Eye Care for Dogs

Face your dog in a brightly lit area and look into his eyes. They should be clear and bright, and the area around the eyeball should be white. His pupils should be equal in size and there shouldn’t be tearing, discharge or any crust in the corners of his eyes.

With your thumb, gently roll down your dog’s lower eyelid and look at the lining. It should be pink, not red or white.

The following are signs that something may be wrong with one or both of your dog’s eyes:

 

-Discharge & crusty gunk

-Tearing

-Red or white eyelid linings

-Tear-stained fur

-Closed eye(s)

-Cloudiness or change in eye color

-Visible third eyelid

-Unequal pupil sizes

A gentle wipe with a damp cotton ball will help to keep your pooch’s eyes gunk-free. Wipe outward from the corner of the eye and be careful not to touch his eyeball-you don’t want to scratch the cornea. If your dog constantly suffers from runny eyes and discharge, please see your veterinarian. Your pet may have an infection.

Long-haired breeds can get eye damage if their locks aren’t tamed. Using scissors with rounded tips, carefully trim the hair around your dog’s eyes to keep his vision clear and prevent hairs from poking and scratching.

Soaps and topical medications can be major irritants. Make sure to protect your dog’s eyes before bathing him or applying ointments or flea-control formulas.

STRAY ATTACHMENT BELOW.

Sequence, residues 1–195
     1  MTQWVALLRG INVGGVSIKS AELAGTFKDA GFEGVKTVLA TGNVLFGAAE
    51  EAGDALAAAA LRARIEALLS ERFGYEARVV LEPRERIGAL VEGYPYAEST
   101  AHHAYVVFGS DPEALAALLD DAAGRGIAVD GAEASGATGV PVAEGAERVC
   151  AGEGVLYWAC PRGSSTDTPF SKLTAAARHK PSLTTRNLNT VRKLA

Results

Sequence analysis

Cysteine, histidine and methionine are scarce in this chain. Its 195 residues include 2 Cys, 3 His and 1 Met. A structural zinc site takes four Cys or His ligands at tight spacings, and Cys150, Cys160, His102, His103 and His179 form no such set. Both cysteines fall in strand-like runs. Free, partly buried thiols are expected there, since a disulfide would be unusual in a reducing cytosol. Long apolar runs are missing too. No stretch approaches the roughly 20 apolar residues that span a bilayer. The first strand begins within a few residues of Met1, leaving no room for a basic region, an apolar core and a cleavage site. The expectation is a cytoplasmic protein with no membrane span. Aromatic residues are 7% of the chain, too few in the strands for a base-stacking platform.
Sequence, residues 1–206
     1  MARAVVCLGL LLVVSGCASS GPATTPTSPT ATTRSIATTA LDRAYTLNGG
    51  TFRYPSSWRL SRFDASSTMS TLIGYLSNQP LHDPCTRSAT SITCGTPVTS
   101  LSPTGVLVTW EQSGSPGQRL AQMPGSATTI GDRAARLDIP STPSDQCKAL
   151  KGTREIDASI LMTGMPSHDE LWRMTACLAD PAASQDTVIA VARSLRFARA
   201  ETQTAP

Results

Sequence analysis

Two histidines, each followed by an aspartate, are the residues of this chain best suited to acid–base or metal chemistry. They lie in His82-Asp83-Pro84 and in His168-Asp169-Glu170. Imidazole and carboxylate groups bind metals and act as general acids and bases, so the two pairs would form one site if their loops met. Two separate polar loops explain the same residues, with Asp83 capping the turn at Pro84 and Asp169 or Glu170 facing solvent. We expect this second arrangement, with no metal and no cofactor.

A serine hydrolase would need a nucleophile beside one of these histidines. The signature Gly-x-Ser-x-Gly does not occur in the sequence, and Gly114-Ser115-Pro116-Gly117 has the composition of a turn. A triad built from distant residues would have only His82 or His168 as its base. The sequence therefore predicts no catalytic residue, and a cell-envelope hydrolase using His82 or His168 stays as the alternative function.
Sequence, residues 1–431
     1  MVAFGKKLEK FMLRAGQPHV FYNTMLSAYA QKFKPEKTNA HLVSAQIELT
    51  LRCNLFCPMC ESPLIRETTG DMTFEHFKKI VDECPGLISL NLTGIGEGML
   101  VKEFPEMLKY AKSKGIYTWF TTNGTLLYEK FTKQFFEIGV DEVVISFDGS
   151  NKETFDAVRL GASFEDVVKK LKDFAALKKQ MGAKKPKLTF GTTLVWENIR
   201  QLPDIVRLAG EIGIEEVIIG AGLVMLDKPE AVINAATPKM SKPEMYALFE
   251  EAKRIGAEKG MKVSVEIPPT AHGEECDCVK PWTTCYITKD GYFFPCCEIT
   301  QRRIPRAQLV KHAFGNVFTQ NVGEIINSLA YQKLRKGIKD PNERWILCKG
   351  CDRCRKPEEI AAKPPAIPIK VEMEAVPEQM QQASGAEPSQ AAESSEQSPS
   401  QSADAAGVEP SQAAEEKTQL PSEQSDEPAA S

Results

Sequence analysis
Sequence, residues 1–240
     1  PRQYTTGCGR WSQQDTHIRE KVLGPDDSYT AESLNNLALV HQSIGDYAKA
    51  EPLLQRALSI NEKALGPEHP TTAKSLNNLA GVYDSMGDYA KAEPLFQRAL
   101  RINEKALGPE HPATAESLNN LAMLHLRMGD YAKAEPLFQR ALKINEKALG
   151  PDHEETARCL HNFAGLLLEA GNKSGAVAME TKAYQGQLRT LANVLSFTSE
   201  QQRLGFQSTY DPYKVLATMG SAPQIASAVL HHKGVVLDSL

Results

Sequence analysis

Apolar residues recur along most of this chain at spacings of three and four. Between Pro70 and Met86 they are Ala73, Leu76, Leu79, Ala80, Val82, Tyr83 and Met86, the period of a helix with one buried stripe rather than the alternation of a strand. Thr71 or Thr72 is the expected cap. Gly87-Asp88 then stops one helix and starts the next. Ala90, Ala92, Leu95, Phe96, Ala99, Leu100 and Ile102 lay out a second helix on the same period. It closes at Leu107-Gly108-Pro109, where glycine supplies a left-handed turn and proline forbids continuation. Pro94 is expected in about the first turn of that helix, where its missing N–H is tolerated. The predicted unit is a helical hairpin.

Many a pooch loves the open road and the wind in her fur, but if debris or an insect touches her eye, she may suffer pain and a long-lasting injury. It’s much safer to drive with the windows only partially down and doggie’s head inside the vehicle. The wind can also dry out your dog’s eyes, possibly causing irritation and infection.

Do a little research and find out if your dog’s breed is predisposed toward eye conditions, such as glaucoma or progressive retinal atrophy. Of course, your pet should have his eyes checked on annual vet visits, but knowing about possible inherited problems will help you take important precautions.

Watch your pooch’s body language-pawing or rubbing his eye area may alert you to possible problems.

The following eye-related disorders are commonly seen in dogs:

 

Conjunctivitis : One or both of your dog’s eyes will look red and swollen, and there may be discharge.

Dry Eye : Diminished tear production can cause corneal inflammation, squinting and discharge.

Cherry Eye : An enlarged tear gland forms a cherry-like mass on the dog’s eye.

Epiphora: An overflow of tears creates stains on the dog’s facial fur.

Glaucoma: The cornea becomes cloudy and the eye enlarges due to an increased pressure in the eyeball.

Ectropion: A turning outward of the upper eyelid causes the lower lid to droop.

Entropion: A rolling in of the eyelid causes discharge and tearing.

Cataract: An opacity on the lens of the eye can cause impaired vision and possible blindness.

Progressive Retinal Atrophy: Caused by degeneration of retinal tissue-night blindness is often its first sign.